Imatges de pàgina

In shape no bigger than an agat-stone
On the fore-finger of an alderman,
Drawn with a team of little atomiess
Athwart men's noses as they lie afleep:
Her waggon-spokes made of long spinners' legs;


I apprehend, and with no violence of interpretation, that by " the fai. ries' midwife,” the poet means, obe midwife among ibe fairies, because it was her peculiar employment to steal the new-born babe in the night, and to leave another in its place. The poet here uses her general appellation, and character, which yet has so far a proper reference to the present train of fiction, as that her illufions were practised on persons in bed or alleep; for the not only haunted women in childbed, but was likewise the incubus or nighemare: Shakspeare, by employing her here, alludes at large to her midnight pranks performed on neepers ; but denominates her from the most notorious one, of her personating the drowsy midwife, who was insensibly carried away into some diftant water, and fubftituting a new birth in the bed or cradle. It would clear the appellation to read the fairy midwife. - The poet avails him. self of Mab's appropriate province, by giving her this nocturnal agency,

T. WARTON. 4 On tbe fore.finger of an alderman,] The quarto, 1597, reads, of a burgomaster. The alteration was probably made by the poet himself, as we find it in the succeeding copy, 1599: but in order to familiarize the idea, he has diminished its propriety. In the pictures of burgomaflers, the ring is generally placed on the fore-finger; and from a paslage in Tbe first Part of Henry IV. we may suppose the citizens in Shakspeare's time to have worn this ornament on the tbumb. So again, Glapthorne, in his comedy of Wit in a Constable, 1639: " -and an alderman, as I may say to you, he has no more wit than the reft o'the bench; and that lies in his obumb.ring." STEEVENS.

s-of atomies- ] Atomy is no more than an obsolete substitute for alom. So, in Heywood's Brazen Age, 1613:

" l'll tear thy limbs into more atomies

“ Than in the summer play before the fun." In Drayton's Nimpbidia there is likewise a description of Queen Mab's chariot:

6. Four nimble gnals tbe borses were,
Tbeir barnelles of gollamere,
Fly cranion, ber cbarioter,

Upon i be coacb-box getsing:
Her chariot of a snail's fine shell,
Whicb for ibe colours did excell,

Tbe fair Queen Mab becoming well,
" So lively was tbe limning :

The cover, of the wings of grashoppers ;
The traces, of the smallest spider's web;
The collars, of the moonshine's watry beams :
Her whip, of cricket's bone ; the las, of film:
Her waggoner, a small grey-coated gnat,
Not half so big as a round little worm
Prick'd from the lazy finger of a maid :
Her chariot is an empty hazel-nut,
Made by the joiner squirrel, or old grub,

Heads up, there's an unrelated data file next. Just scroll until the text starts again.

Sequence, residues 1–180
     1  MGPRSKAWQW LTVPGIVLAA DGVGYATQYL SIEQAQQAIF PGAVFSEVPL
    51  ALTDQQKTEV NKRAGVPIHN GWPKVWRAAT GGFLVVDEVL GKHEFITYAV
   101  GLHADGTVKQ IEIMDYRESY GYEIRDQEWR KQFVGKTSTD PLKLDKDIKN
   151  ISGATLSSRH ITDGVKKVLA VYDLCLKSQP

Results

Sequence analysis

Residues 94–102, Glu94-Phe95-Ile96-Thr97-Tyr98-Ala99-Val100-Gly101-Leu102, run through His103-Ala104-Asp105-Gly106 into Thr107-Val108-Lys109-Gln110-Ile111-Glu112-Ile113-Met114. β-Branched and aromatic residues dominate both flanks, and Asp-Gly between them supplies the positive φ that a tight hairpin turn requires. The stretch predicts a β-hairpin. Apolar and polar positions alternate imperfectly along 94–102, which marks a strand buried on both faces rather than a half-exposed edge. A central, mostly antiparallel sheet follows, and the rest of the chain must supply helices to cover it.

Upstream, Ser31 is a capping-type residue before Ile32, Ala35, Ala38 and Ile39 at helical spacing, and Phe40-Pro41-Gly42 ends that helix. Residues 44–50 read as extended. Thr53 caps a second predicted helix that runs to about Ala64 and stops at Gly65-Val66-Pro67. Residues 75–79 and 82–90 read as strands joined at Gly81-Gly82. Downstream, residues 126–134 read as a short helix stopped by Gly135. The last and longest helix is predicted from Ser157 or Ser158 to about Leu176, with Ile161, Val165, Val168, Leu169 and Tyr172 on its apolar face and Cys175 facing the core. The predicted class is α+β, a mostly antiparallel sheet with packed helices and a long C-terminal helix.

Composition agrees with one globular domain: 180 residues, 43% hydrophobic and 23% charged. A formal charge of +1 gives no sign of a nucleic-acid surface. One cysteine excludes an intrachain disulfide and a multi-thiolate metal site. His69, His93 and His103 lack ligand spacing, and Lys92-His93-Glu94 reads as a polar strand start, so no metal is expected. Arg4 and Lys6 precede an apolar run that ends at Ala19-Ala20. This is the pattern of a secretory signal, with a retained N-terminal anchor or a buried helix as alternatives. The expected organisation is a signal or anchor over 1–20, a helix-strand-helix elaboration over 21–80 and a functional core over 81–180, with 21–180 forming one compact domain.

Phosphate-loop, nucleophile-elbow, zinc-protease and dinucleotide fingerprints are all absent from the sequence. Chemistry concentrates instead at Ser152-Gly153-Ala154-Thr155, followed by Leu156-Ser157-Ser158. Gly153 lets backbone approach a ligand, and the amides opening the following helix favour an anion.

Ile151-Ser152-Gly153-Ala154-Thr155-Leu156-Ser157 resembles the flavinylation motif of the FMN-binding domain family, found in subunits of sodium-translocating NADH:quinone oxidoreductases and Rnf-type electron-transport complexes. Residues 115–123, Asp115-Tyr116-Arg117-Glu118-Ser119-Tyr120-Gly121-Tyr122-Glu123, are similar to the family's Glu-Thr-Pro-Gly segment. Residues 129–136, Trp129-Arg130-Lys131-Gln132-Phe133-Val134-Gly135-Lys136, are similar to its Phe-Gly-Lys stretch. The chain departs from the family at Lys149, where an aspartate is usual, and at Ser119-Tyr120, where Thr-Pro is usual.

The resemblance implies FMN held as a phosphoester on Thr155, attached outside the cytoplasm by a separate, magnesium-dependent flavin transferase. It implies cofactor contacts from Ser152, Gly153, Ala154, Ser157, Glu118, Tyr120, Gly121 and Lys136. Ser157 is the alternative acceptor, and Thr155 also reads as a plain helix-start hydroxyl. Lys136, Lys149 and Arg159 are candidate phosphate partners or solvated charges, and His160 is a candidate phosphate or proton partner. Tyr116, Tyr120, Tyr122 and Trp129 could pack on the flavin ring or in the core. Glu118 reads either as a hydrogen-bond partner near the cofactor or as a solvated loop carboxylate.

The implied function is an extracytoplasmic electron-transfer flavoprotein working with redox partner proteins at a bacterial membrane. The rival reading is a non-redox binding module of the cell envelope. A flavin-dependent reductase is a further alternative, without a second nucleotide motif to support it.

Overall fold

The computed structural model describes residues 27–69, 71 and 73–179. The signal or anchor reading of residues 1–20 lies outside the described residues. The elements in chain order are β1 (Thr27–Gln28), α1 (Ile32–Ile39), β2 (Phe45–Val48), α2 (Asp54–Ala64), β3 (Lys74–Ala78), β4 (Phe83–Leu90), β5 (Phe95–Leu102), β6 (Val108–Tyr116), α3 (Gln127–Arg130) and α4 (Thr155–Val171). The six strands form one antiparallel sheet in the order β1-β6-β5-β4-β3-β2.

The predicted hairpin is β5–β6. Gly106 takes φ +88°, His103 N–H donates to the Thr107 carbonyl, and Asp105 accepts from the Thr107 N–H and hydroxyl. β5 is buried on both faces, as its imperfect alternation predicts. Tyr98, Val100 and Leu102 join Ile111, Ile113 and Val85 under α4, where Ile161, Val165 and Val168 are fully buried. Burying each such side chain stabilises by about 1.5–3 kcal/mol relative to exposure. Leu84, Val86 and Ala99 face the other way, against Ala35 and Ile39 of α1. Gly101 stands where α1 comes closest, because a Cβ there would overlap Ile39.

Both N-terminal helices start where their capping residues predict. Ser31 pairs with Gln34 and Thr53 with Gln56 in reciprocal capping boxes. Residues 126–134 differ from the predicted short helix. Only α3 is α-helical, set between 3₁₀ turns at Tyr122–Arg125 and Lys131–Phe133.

Time out of mind the fairies' coach-makers.
And in this state she gallops night by night
Through lovers' brains, and then they dream of love:
On courtiers' knees, that dream on court’fies straight :
O’er lawyer's fingers, who straight dream on fees :
O'er ladies' lips, who straight on kisses dream;
Which oft the angry Mab with blisters plagues,
Because their breaths with sweet-meats * tainted are.
Sometime the gallops o'er a courtier's nose,
And then dreams he of smelling out a suit;

And " Tbe seal, tbe soft wool of the bee,

Tbé cover (gallantly to fee)
$ The wing of a py's buiter flee,

I trow, 'twas fimple trimming :
The wbeels compos'd of cricket's bones,
« And daintily made for the nonce,
For fear of rattling on the stones,

Wirb tbiffle-down tbey jhed it." STEEVENS. Drayton's Nimpbidia was written several years after this tragedy. See Vol. II. p. 460, n. 7. MALONE.

* _with sweet-meats-] i. e. kisfing-comfits. There artificial aids to perfume the breath, are mentioned by Falstaff in the last act of tbe Merry Wives of Windfor. MALONE. 6 Sometime foe gallops o'er a courrier's nose,

And iber dreams be of smelling out a suit:] Dr. Warburton has juftly observed, that in Shakspeare's time “a court-folicitation was called simply a suit, and a process, a suit ar law, to distinguish it from the other. • The king (says an anonymous contemporary writer of the life of Sir William Cecil,) called him (Sir William Cecil,) and after long talk with him, being much delighted with his answers, wished his father to find [i. e. to smell our] a suit for him. Wherevpon he became fuitor for the reversion of the cuftos brevium office in the Common Pleas; which the king willingly granted, it being the first fuit he had in his life.'


And sometimes comes the with a tithe-pig's tail,
'Tickling a parson's nose as 'a lies asleep,
Then dreams he of another benefice:
Sometime the driveth o'er a soldier's neck,
And then dreams he of cutting foreign throats,
Of breaches, ambuscadoes, Spanish blades?,


As almost every book of that age furnishes proofs of what Dr. War. burton has observed, I Mall add but one other instance, from Decker's Guis Hornebooke, 1609: " If you be a courrier, discourse of the obLaining of suits."

To avoid the repetition of the word courtiers in this speech, Mr. Tyrrwhitt proposed to read-O'er counties' knees, i, e. the knees of counts; for in old language county signified a nobleman. So, as he observes, in Holindhed, p. 1150, "the Countie Egmond," and in the Burleigh papers, I. p. 7, " The Councie Paiatine, Lowys.” Paris, he adds, who, in one place is called earl, is most commonly styled the county in